poetry journals), and all three originated a poetics based on the generation of poetic forms from within the poem—form was a projection of content. Duncan was also part of the san francisco renaissance; accordingly he was associated with Kenneth rexroth—but not with the related beat poets Allen GINSBERG, Lawrence ferlinghetti, and Gregory corso, who dominated the public views of the period. Duncan assumed the inherited traditions of high modernism. He took Ezra pound, H. D., and D. H. Lawrence as his masters, along with James Joyce, William Carlos WILLIAMS, Marianne moore, Dante, and Walt Whitman. Duncan claimed he was a derivative poet who combined various poetries and traditions into a poetics known as a "grand collage," an assemblage of multiple ideas.
Duncan was born in oakland, California. His mother died in childbirth, and a family who believed in occult theosophy adopted him. The family soon moved to Bakersfield, where Duncan attended high school in preparation for enrolling at the University of California, Berkeley, in September 1936. After reading XXX Cantos (see the cantos), he became a serious student of Pound's poetry. Between 1938 and 1946, he spent most of his time in the East, living in Philadelphia, New York, Boston, Provincetown, and Woodstock, while returning to Berkeley for short periods. In 1946, when he met Robin blaser and Jack spicer in Berkeley, he was already a published and experienced poet. His first book of poems was Heavenly City, Earthly City (1947). With Blaser and Spicer, he launched the "Berkeley Renaissance" of poetry. In 1951 he began living with Jess Collins, an artist, and also entered a period of high creativity in poetry, art, and poetics. The two men collaborated on a series of books, Caesar's Gate (1955), A Book of Resemblances (1966), and Names of People (1968); Letters (1958) transformed Duncan's poetry from rhetorical structures to a poetry that created form based in the musical structures of lines. From 1955 to 1956 Duncan and Collins lived on Mallorca. In 1956 Duncan taught at Black Mountain College, then returned to San Francisco to become assistant director of the Poetry Center at San Francisco State University. He published his first trade book, The Opening of the Field (1960); other pamphlets and books followed, including Roots and
Branches (1964), Bending the Bow (1968), The Truth and Life of Myth (1968), Ground Work: Before the War (1984) and Ground Work II: In the Dark (1987). From 1961 to 1963, Duncan wrote an extended study of modernism and H. D.'s poetry, which appeared in chapters as The H. D. Book. Duncan received a series of awards, including the Harriet Monroe Memorial Prize (Poetry magazine), 1961; the Levinson Prize (Poetry magazine), 1964; the National Poetry Award, 1985; and in the same year the American Book Award from the Before Columbus Foundation.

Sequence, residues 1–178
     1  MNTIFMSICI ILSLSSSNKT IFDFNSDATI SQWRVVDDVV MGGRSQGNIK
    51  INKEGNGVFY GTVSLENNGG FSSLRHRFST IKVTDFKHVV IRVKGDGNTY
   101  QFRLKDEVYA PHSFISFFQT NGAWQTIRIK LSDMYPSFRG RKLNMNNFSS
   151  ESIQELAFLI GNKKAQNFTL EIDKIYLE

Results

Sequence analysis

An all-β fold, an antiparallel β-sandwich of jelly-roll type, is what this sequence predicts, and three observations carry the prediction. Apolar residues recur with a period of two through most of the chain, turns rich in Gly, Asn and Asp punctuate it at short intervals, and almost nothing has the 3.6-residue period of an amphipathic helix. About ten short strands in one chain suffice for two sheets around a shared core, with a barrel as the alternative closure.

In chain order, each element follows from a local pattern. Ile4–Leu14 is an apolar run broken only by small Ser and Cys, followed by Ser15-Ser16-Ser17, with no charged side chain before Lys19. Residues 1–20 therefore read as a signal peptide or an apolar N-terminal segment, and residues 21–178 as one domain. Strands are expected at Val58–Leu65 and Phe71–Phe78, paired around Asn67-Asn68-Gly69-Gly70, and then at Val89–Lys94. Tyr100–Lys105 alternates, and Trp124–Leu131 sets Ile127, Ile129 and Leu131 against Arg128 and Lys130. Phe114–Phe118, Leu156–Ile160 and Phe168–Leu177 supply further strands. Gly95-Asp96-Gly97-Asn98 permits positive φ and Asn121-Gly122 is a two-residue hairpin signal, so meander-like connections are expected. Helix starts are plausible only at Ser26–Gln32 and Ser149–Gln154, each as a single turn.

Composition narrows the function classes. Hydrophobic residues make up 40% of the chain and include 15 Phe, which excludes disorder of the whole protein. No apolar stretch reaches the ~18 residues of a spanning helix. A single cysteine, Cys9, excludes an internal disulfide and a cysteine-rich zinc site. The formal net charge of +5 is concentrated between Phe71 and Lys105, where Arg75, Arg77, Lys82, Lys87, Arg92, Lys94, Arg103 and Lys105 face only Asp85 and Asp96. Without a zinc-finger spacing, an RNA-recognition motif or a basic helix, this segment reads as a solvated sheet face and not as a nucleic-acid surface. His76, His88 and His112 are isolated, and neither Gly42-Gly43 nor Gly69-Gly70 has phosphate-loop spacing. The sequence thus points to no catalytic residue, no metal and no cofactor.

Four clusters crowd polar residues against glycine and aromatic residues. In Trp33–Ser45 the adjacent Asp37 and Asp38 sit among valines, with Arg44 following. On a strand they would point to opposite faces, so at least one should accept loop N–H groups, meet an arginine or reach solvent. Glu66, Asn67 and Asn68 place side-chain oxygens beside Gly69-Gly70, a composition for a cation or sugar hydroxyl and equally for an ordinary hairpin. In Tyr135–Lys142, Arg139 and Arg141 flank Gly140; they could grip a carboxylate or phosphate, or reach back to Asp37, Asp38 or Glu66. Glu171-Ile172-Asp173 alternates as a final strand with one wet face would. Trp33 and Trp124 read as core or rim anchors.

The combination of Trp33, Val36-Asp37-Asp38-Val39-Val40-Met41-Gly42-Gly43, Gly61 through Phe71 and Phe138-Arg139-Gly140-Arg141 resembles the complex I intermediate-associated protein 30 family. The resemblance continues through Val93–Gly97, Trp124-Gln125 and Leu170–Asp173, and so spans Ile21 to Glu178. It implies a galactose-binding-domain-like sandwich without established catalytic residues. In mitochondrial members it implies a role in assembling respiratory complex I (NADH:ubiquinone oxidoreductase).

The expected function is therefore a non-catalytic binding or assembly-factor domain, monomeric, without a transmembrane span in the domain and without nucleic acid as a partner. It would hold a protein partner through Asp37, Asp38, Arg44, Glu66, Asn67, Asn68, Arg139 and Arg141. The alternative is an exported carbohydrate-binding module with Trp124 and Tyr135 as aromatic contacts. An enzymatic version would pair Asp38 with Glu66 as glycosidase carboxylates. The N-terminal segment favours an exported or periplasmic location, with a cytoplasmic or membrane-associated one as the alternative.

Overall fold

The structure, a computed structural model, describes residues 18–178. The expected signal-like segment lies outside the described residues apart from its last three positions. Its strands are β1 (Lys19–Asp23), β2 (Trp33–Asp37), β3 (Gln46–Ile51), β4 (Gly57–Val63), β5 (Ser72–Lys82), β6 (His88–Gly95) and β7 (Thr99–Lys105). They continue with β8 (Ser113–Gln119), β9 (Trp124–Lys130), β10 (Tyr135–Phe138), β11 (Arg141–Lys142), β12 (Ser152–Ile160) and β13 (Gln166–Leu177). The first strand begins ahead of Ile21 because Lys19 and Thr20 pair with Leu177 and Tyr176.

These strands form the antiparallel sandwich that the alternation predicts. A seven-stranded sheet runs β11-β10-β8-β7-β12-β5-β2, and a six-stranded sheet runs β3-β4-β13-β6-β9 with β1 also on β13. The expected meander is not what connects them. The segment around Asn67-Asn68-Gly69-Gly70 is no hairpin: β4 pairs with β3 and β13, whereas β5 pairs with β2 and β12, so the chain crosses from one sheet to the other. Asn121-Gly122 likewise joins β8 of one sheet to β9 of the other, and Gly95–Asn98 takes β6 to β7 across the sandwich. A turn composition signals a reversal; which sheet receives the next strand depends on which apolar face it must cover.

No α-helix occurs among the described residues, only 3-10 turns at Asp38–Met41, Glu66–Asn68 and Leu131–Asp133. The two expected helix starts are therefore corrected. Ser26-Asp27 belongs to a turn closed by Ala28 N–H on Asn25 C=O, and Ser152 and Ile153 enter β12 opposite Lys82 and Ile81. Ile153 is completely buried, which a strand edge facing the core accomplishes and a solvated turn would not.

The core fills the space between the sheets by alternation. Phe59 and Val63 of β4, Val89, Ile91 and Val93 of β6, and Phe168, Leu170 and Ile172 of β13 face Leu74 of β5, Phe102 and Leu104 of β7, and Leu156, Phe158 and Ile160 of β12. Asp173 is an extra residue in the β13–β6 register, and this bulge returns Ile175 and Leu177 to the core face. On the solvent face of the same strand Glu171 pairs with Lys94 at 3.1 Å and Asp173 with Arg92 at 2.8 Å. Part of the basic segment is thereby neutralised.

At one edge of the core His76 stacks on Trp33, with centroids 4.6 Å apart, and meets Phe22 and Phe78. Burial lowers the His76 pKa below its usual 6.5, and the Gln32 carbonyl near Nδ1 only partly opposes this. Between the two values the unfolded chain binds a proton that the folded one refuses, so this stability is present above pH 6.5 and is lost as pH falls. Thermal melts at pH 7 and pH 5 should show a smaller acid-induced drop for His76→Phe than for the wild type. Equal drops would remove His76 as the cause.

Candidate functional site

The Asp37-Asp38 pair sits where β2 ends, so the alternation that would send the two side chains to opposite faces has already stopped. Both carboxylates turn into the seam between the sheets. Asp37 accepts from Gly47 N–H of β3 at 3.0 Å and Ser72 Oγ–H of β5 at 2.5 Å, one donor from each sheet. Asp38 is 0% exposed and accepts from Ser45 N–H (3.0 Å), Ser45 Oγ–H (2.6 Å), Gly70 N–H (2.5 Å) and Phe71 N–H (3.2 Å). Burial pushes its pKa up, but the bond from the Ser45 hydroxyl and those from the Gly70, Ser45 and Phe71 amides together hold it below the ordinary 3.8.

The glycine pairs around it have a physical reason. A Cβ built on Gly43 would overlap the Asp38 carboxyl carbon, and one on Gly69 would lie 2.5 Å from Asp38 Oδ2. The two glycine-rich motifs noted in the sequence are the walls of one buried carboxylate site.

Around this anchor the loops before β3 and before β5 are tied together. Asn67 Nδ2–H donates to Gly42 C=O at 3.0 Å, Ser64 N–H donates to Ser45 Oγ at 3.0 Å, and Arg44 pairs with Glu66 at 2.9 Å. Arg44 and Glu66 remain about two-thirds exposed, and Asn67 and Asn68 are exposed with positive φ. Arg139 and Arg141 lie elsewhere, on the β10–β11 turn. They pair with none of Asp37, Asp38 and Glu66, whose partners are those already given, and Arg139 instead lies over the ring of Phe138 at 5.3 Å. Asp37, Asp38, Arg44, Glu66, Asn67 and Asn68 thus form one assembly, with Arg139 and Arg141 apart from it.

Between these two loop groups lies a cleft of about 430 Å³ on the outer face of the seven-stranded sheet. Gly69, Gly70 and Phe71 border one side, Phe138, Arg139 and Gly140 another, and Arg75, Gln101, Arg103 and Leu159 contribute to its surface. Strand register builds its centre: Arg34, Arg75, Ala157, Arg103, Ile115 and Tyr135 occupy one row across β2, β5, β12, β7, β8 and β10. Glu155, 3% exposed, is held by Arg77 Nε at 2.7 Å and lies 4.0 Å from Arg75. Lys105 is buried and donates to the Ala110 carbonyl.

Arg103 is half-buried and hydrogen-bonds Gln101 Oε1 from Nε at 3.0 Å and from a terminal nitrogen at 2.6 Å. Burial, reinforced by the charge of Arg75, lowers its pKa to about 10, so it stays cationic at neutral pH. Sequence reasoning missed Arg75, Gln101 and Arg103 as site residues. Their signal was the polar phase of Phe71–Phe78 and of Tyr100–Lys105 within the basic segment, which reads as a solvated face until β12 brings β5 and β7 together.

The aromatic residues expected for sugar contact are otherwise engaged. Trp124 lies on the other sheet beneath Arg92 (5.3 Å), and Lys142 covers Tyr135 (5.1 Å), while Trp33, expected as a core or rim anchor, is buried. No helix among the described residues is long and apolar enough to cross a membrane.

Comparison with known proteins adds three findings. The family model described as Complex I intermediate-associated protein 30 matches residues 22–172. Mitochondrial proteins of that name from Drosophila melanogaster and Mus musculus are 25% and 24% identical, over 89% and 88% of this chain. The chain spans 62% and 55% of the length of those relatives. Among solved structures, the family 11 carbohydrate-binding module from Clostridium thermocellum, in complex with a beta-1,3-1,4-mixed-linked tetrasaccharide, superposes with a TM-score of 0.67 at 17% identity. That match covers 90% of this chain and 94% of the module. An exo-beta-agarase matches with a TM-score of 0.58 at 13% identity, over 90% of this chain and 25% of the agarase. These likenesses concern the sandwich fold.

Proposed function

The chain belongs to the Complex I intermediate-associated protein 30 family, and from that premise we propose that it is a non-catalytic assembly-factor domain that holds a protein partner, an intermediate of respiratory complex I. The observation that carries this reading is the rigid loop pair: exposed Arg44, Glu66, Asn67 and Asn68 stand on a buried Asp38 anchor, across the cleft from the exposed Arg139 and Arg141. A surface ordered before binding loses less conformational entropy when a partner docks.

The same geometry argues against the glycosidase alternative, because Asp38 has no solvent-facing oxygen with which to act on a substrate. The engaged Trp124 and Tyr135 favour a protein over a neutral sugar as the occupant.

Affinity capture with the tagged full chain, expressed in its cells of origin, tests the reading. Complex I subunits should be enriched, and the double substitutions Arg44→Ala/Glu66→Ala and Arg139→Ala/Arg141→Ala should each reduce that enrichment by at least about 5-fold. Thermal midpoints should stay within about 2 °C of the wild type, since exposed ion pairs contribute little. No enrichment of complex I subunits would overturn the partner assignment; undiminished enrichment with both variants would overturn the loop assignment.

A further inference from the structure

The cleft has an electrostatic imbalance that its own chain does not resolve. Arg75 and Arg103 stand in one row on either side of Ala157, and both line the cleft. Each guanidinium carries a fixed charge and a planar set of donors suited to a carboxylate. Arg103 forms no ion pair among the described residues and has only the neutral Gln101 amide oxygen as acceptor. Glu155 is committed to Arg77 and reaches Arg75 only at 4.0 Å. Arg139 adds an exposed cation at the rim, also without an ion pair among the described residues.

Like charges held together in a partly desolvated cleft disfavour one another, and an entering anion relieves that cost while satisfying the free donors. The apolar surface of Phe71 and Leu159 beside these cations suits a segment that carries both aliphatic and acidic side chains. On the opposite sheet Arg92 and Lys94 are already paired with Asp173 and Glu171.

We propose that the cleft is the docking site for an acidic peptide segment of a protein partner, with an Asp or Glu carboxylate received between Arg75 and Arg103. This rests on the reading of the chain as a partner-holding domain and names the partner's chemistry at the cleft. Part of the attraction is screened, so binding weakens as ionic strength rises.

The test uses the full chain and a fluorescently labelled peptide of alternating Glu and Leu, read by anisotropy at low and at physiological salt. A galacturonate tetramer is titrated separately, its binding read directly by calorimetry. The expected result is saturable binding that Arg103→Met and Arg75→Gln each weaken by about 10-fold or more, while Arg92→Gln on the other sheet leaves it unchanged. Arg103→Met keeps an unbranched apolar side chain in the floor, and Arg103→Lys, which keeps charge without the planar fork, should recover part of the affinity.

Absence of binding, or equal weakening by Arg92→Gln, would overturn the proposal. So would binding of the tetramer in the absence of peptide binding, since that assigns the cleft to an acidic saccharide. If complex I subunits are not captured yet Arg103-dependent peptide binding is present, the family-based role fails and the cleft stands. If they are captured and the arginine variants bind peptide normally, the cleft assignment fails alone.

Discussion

After finishing the book Letters (1956), Duncan began writing the poems for The Opening of the Field (1960). This volume was conceived and written as a unified book and sequence of poems working variations on themes of the dance, spiritual wonder, the goddess of poetry, and writing poems. These themes appear in the first poem, "Often I Am Permitted to Return to a Meadow." The meadow is an invention that is as real as an actual meadow: "Wherefrom fall all architectures I am." Through a series of appositions, the poem expands the possible meanings of the "field" as a place of inspiration where the Muse, the First Beloved as an avatar of Persephone, or Brigit, "Queen under the Hill," appears. The vision is not unlike a circle of children dancing in a ring, which Duncan explains, refers to an Atlantean dream of his childhood, and finally a "place of first permission, / everlasting omen of what is." The vision in the field gives permission for continuing imaginative invention. The poem contains layers of meaning as carefully placed as an image in a complex collage.
In The Opening of the Field, Duncan began a serial poem called "The Structure of Rime," which continues in subsequent books (see long and serial poetry). The series is a sequence of poems without a defined ending. In Roots and Branches (1964), the series combines with other long poems in parts, "A Sequence of Poems for H.D.'s 73rd Birthday," "Apprehensions," and "The Continents," to make a book of poems that challenge and explore the various forms poetry can take. The field, or meadow, as a metaphor for the multiple possibilities of poetry, continues into the poems of the following book, Bending the Bow (1968). In this book Duncan began another serial poem, "The Passages
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